Looking at this panel alongside others of a like size makes it look tiny. It isn’t but the borders around the screen are so despite it being a 22inch panel that offers full 1920x1080 display it still looks a lot smaller and takes up less space.
A Chromebook is an option to a standard Android Tablet. It works in much the same way and the biggest problem it had at first launch of not being able to work offline is now overcome although there are currently less options than with other Android offerings.
On the face of it a similar device to the WD My Cloud reviewed a few months ago. Two Terra Bytes of storage available for you to share across your Network. However due to various initial problems a lot of time was spent before all was perfect.
This is a smaller notebook offering from Gigabyte that comes with Windows 8. Whilst I did all the necessary updates this time I resisted the offer to upgrade to Windows 8.1. I instead completed my review with just what was delivered and the updates.
This is a Touch Screen Unit from AOC, it is also an Android unit in the same case, however it can also be used to connect to a PC/notebook via D-Sub or HDMI and if you add the supplied USB cable this gives you a PC/notebook with full touch screen ability.
While ruling the roost on tablets and smartphones, touch screens have yet to do more than scratch the surface with computer desktop monitors.
The Android operating system and touch capability go together like fish & chips even when served up on the desktop.
A lot of my time recently has involved showing screens of one device on another device (Mirroring) this is a young task and the solutions sometimes do and sometimes don’t work. This tiny device from Kingston is rather better at transferring data between two incompatible devices.
I have looked at several different Kindles, the HDX7 breaks new ground in that apart from it being an excellent book reader – the thing Kindle started as – it is now almost a full Android tablet so the screen is in colour at 1920x1080.
Last year I attended a press event and requested to review a couple of monitors from one company. The first one to arrive is the subject of this review.
The last unit from Gigabyte had a problem with battery loss when not in use so one of my first jobs here was to charge this fully and then leave it, four days later it still had 99% so no problems there. Maybe it was the lid colour that was bright yellow this is a more sober orange.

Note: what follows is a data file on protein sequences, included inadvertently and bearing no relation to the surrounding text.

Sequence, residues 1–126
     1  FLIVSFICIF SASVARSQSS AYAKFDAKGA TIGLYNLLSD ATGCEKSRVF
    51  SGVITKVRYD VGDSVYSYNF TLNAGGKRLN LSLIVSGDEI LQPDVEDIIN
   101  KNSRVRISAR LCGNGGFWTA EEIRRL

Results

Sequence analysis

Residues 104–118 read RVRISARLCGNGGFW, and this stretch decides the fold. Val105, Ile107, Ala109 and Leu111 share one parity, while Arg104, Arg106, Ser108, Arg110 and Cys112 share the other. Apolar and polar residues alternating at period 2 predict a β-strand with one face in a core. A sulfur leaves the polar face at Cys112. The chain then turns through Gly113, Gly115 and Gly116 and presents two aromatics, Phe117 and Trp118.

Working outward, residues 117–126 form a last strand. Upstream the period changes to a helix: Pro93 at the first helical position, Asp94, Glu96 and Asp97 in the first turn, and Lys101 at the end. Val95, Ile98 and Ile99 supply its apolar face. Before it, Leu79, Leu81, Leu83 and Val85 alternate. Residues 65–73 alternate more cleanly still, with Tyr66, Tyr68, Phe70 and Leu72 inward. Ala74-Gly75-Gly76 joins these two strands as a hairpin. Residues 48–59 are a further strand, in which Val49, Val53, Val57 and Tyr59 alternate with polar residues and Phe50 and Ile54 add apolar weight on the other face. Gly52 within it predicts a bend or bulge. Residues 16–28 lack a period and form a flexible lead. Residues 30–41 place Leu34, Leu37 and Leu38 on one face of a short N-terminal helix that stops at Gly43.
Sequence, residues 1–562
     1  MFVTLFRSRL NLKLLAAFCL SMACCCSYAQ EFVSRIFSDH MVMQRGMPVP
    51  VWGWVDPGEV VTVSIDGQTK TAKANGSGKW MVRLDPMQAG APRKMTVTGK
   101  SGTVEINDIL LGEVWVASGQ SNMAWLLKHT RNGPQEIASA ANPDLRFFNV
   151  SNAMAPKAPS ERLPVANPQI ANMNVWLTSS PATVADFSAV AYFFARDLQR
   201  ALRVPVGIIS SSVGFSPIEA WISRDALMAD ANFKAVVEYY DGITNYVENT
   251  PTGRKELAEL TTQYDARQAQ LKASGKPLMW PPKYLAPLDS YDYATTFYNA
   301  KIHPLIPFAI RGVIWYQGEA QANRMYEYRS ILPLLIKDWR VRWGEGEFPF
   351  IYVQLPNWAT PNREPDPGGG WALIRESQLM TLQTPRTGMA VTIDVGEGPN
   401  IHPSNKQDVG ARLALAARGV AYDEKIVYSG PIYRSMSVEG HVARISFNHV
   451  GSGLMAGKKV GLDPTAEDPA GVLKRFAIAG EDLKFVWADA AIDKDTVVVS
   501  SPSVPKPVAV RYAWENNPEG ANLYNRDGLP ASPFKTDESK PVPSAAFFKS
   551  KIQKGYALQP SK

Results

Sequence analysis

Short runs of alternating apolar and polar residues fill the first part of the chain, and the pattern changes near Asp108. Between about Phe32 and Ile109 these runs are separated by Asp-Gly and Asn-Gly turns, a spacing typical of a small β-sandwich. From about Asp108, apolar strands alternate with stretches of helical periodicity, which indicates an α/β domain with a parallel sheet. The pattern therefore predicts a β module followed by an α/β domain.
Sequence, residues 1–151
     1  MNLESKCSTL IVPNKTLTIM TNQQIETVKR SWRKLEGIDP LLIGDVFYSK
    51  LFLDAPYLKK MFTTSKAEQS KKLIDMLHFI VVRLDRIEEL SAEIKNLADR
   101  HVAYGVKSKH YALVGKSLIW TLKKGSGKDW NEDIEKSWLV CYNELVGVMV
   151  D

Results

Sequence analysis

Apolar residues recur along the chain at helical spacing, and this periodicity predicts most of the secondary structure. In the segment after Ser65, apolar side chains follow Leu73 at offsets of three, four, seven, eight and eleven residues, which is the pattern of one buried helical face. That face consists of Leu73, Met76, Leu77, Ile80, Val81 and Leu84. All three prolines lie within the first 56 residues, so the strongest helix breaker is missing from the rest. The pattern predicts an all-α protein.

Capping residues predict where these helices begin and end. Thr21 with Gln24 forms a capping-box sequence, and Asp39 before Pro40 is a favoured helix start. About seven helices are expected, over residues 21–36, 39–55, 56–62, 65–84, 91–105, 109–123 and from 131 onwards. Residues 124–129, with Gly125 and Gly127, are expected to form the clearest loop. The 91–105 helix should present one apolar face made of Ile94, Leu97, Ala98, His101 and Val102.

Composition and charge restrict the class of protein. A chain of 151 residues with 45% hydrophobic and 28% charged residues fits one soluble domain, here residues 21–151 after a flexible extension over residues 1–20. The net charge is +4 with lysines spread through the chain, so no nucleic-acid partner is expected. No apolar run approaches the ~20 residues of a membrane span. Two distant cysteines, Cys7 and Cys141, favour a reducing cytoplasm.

Marketed as a way of saving the overweight placed on a number of children’s backs with all the text books they have to carry to a from schools a 8 inch Android tablet and a Bluetooth Pen could be the future to save later life back problems.
This rather nice unit from Philips turns any PC or Notebook of recent vintage into a touch unit with the aid of any normal connection method and a USB lead, so all your finger messages are transferred from the screen to the PC.
If you are considering Windows 8.1 for you next PC then it really should have touch and this offering from HP has it. Windows 8 was made for touch so if you can change your working style then this could well be a good way to adapt.
This is an Android device that will fit in a larger pocket. It has one huge difference in that it can only be used in portrait mode as there is no way to flip the screen into landscape mode. This may or may not matter but it is certainly different.
Certainly a unit to be considered as a Desktop replacement, it is large and heavy and for me anyway does not sit comfortably on the lap. It is however very fast and powerful. One feature I have not come across previously a yellow lid.
As a store within a store, Kobo offers readers a viable alternative to that available from the Amazon Kindle family. Kobo even offers a full fledged tablet option.
This is – as you may guess from the name – a 24inch panel. I have yet to look at any offering from AOC that I would not be happy to put on my desk and use daily and this offering is no exception, a well-made unit with excellent response.
This can be lighter than an Android Tablet, however it runs Windows 8.1. The transformer part is a near full size detachable keyboard so all your Windows programs should run and it comes with Microsoft Office installed.
For some reason this is classed as a business product. For that reason I am told it comes with Windows 7 Pro but also Windows 8 upgrade ready on the unit at no extra cost so you can choose. I was sent the non-touch version.
These days’ kids seem to be using such devices before they can walk. So the age level suggested seem almost pointless to mention. The only mention on the box is a circular road sign with a picture of a young person and a red line. The age beside it is 0-3. 4+ is mentioned on the side of the box, at four most children know far more.